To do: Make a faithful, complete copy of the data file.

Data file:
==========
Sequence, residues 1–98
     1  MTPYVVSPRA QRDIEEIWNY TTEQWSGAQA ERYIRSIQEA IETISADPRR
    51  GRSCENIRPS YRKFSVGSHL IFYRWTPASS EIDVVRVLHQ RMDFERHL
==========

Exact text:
Sequence, residues 1–98
     1  MTPYVVSPRA QRDIEEIWNY TTEQWSGAQA ERYIRSIQEA IETISADPRR
    51  GRSCENIRPS YRKFSVGSHL IFYRWTPASS EIDVVRVLHQ RMDFERHL